Using a game template as a multimedia-based cognitive tool to facilitate novices' conceptual understanding of object-oriented programming

Access full-text files

Date

2008-12

Authors

Yuen, Timothy Tung-Ming, 1978-

Journal Title

Journal ISSN

Volume Title

Publisher

Abstract

This study examined how a multimedia-based cognitive tool (MCT) facilitates novices' conceptual understanding of object-oriented programming (OOP). The tool used in this study was CSNüb, a game template created in Adobe Flash. The MCT design framework guided CSNüb's design. The MCT design framework was synthesized from literature on constructivist, multimedia, and motivation learning theories and computer-based cognitive tool design principles. Students worked with CSNüb to develop a simple role-playing game (RPG). Through clinical interviews and process tracing methods, it was found that CSNüb affected novice computer science students' conceptual understanding of OOP through five cognitive processes and factors: cognitive disequilibrium evoked through multimedia-based feedback, exploring for resources that scaffold understanding, changing the level of awareness of the "bigger picture" and ability for higher-level thinking, and consistent refinement of solutions and mental models within the problem space. The five cognitive processes and factors were found to be the result of three levels of interaction with CSNüb. At the Tool Level, students received conflicting information, generally through multimedia-based feedback from the CSNüb, which placed students in states of disequilibrium. At the Interaction Level, students interacted with the CSNüb to resolve their disequilibrium through exploring resources within the tool and refining their solution. They were able to experiment and test out their understanding on OOP. At the Cognitive Level, students used the resources as cognitive scaffolds found through exploration, which in turn, increased the degree of awareness and influenced the level at which they understood the object-oriented system. The five cognitive processes and factors through the three levels of interaction were formed into one model--the MCT Interaction Model (MCTIM)--as a general explanation for how MCTs, such as CSNüb, affects novice students' conceptual understanding.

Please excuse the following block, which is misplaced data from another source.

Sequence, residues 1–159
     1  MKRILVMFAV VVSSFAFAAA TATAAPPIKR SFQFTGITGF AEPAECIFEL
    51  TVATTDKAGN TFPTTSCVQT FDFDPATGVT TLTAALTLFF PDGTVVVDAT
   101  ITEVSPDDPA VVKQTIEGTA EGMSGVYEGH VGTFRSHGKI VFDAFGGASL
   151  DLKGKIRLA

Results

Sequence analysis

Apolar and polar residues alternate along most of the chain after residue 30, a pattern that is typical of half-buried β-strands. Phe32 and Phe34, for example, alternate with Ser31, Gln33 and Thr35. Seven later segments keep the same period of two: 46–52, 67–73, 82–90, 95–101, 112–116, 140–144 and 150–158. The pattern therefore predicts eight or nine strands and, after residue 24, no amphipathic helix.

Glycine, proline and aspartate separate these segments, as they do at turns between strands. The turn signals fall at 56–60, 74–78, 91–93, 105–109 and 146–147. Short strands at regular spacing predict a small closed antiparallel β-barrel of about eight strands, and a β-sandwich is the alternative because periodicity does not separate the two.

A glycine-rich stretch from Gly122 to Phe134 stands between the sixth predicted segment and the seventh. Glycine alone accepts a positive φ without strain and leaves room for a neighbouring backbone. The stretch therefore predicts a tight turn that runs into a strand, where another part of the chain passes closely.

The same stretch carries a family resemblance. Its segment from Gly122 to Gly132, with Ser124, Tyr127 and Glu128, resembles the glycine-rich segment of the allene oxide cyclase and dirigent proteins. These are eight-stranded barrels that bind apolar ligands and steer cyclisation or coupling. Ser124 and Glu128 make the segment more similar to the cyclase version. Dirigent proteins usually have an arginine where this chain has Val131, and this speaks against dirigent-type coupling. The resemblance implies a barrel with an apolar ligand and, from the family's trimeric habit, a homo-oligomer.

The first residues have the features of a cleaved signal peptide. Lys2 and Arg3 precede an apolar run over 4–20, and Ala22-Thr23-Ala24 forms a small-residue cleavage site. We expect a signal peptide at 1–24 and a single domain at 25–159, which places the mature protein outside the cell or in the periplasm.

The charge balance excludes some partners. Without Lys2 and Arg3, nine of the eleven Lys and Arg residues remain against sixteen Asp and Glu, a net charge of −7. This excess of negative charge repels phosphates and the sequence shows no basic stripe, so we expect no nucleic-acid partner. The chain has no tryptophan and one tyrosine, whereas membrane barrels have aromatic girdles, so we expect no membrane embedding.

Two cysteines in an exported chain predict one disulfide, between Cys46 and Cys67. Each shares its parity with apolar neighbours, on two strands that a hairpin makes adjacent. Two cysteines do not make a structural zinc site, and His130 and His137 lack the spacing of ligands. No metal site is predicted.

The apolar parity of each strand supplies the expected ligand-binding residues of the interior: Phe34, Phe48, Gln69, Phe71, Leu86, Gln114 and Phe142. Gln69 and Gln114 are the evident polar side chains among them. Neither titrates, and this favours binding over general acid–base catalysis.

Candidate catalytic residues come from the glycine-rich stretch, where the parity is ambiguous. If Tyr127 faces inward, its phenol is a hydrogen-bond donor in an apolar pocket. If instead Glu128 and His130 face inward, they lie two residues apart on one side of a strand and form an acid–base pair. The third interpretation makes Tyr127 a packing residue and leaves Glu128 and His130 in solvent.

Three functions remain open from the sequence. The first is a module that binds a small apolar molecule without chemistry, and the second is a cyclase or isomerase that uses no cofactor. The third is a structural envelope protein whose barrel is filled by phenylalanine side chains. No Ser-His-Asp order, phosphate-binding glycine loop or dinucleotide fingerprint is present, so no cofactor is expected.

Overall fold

Description

text

Keywords

Citation